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Landslides continue to claim lives, damage property every year



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By Indira Aryal

Kathmandu, June 21: As many as nine people died in the landslide of Saraunchaur, Parbat district on June 16, 2020. The tragedy that occurred in Durlung Municipality-3 is home for 45 households. This place does not fall in landslide risk zone in the official document, but the landslide occurred as a result of cloudburst during pre-monsoon days.
Last year, Nepal lost 83 people to landslides along with a loss of Rs. 400 million. A total of 1,132 infrastructures were destroyed and 743 livestock killed in 434 small and big landslides in 22 most prone districts.
Every year new areas are being identified as landslide-prone, increasing risk in settlements of different parts of the country. According to government records, landslides kill around 100 people and displace thousands of others.
With the onset of monsoon, the government ministers, international and national NGOs, private sector, individuals including the media start talking about the disasters but as soon as the monsoon subsides, the issue goes out of people’s mind.
Landslide kills the largest number of people unnaturally except epidemics and lightning. Experts say 80 per cent of landslides in Nepal are rainfall-induced disasters that take place during the monsoon period (nearly 100 days between June to September). The remaining 20 per cent are dry landslides.
Anil Pokhrel, Chief Executive at the National Disaster Risk Reduction and Management Authority (NDRRMA) under the Home Ministry, said that in the past nine years, 904 people died and 233 went missing in landslides. Several others sustain injuries. The loss of livestock and property is substantial, too.
Pokhrel said, “Compared to floods, which often have positive benefits such as an increase in agriculture productivity, flushing of waste and foul smell, landslides are more damaging. They tend to wipe out entire settlements.”
The mid-hills are hotspots for landslides. Eighty per cent of the landslides that take lives of ordinary people occur during the monsoon, Pokhrel said.
From this year, the government started to record the total number of dozers and keep them stand-by for the rescue process with the
coordination of every ministry and local bodies.
“For the early preparedness, the NDRRMA has prepared a map highlighting districts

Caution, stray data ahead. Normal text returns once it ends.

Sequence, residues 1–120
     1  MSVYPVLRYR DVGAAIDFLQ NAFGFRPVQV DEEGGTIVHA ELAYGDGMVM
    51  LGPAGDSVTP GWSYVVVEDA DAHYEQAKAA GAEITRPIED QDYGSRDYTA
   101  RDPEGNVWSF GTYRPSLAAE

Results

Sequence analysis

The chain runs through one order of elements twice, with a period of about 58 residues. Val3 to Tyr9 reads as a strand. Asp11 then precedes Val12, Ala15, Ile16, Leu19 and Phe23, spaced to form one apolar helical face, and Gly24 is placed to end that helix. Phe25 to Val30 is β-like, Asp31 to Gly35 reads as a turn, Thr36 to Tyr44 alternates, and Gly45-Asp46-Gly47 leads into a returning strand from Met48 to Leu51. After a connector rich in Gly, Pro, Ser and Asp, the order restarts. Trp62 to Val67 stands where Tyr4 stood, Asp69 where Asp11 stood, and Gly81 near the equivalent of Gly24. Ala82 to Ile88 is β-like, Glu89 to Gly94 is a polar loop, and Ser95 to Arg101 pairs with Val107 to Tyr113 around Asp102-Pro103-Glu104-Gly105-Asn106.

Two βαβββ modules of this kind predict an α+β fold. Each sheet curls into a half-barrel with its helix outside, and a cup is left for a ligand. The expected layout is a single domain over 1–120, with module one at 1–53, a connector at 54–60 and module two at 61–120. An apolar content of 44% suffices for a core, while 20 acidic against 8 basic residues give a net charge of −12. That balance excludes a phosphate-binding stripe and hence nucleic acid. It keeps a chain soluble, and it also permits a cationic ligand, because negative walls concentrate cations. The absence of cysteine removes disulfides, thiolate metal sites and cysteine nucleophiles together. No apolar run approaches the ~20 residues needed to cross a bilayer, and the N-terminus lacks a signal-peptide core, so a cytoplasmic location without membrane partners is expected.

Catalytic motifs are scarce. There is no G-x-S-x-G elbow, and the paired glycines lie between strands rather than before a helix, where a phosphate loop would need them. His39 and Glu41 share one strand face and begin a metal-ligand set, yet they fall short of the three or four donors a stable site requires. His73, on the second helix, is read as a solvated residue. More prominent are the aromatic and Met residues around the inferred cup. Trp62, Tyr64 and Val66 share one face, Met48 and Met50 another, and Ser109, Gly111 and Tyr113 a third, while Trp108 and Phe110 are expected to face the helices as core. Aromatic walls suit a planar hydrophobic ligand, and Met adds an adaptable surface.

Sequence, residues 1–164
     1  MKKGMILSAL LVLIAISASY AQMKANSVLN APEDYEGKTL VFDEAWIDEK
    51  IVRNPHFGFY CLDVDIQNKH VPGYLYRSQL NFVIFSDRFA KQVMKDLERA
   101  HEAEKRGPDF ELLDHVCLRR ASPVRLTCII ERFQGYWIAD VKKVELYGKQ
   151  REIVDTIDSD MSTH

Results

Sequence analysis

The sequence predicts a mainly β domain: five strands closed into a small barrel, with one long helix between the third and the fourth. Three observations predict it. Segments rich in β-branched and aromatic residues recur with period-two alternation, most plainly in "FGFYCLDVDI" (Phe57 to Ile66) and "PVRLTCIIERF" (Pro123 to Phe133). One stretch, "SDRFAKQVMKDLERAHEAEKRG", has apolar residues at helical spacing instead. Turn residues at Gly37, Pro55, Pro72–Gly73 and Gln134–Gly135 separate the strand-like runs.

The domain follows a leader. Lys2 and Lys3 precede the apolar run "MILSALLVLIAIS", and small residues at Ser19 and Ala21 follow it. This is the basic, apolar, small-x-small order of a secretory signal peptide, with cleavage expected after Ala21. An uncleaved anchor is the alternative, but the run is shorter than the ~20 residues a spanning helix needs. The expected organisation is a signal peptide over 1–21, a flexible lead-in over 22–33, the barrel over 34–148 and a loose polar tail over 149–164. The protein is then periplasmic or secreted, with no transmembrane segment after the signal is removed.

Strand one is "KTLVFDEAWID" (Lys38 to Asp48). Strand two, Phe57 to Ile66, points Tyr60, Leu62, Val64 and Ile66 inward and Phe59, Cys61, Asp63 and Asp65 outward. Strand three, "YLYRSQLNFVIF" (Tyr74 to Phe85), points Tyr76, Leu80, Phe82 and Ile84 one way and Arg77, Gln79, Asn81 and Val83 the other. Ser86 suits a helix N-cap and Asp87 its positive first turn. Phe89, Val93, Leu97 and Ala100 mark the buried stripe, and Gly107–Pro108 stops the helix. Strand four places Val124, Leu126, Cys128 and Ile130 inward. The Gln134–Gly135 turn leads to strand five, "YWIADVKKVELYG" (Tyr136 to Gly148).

prone to landslides. It is also working for the early warning system like early warning of floods. The NDRRMA, Department of Meteorology and Hydrology andDepartment of Mines and Geology have been working together to develop landslide forecast system from the current fiscal year,” Pokhrel said.
“Due to the steep topography and the age of our mountains along with the increasing pattern of heavy rainfall, landslide hazard has increased. There is growing pressure to build additional houses every year. Both small and large scale construction activities, including roads, irrigation systems, and tunnels designed and constructed without considering landslide risks aggravate the situation,” he said.
The risk of landslides has been assessed to be higher in the hilly districts. According to various scientific risk assessments, 22 districts, namely Bajura, Kalikot, Jajarkot, Dolpa, Rolpa, Paschim Rukum, Myagdi, Pyuthan, Baglung, Kaski, Gulmi, Syangja, Palpa, Kaski, Gorkha, Dhading, Nuwakot, Rasuwa, Sindhupalchwok, Makawanpur, Dolakha and Sankhuwasaba, have been identified as highly prone to landslides.
Rampant construction of dozer-dug roads without proper engineering and risk considerations has exacerbated landslides in the recent years. Construction of roads without a properly designed drainage system worsened the situation further, Pokhrel reported.
Apart from the loss of life and property, landslides have also affected various other dimensions of social life by blocking roads and highways.
In order to effectively plan and manage landslide risk, the National Disaster Risk Reduction and Management Authority has begun working jointly with relevant government and non-government agencies in collecting information about risks of landslide.
According to Madhukar Upadhya, climate change and watershed management expert, with increasing unmanaged settlements, people have been facing landslides every year. There should be tracking and forecast systems like weather to control human loss from landslides.
With growing construction of roads in the name of development without proper drainage the number of big and small landslides is increasing. Due to the effects of climate change, rainfall has been causing huge losses in some parts of the country, Upadhya said.
He said that people tended to forget the water-induced disaster in the dry season and carry out development works without thinking twice about the run-off and drainage management that has been causing more landslides. “The problem recurs every year,” he added.
The pattern of rainfall has been changing in the past few years due to the effects of climate change. It is suspected that the water-induced disasters might increase significantly in the days ahead, according to Upadhyay. Water causes more damage downstream. The water-induced hazards will multiply as the water mass flows downwards, he said.
“Most of the hilly areas are shaken by the Gorkha earthquake in 2015 and the risk might be high in those areas if the volume of rainfall is high. “We have to deal with the nature, construction of roads in whatever way we like is not development work, there should also be proper management of the waterway to minimise the risk of water-induced problems,” he said,
Both Pokhrel and Upadhyay emphasized on early warning systems in most areas prone to landslides.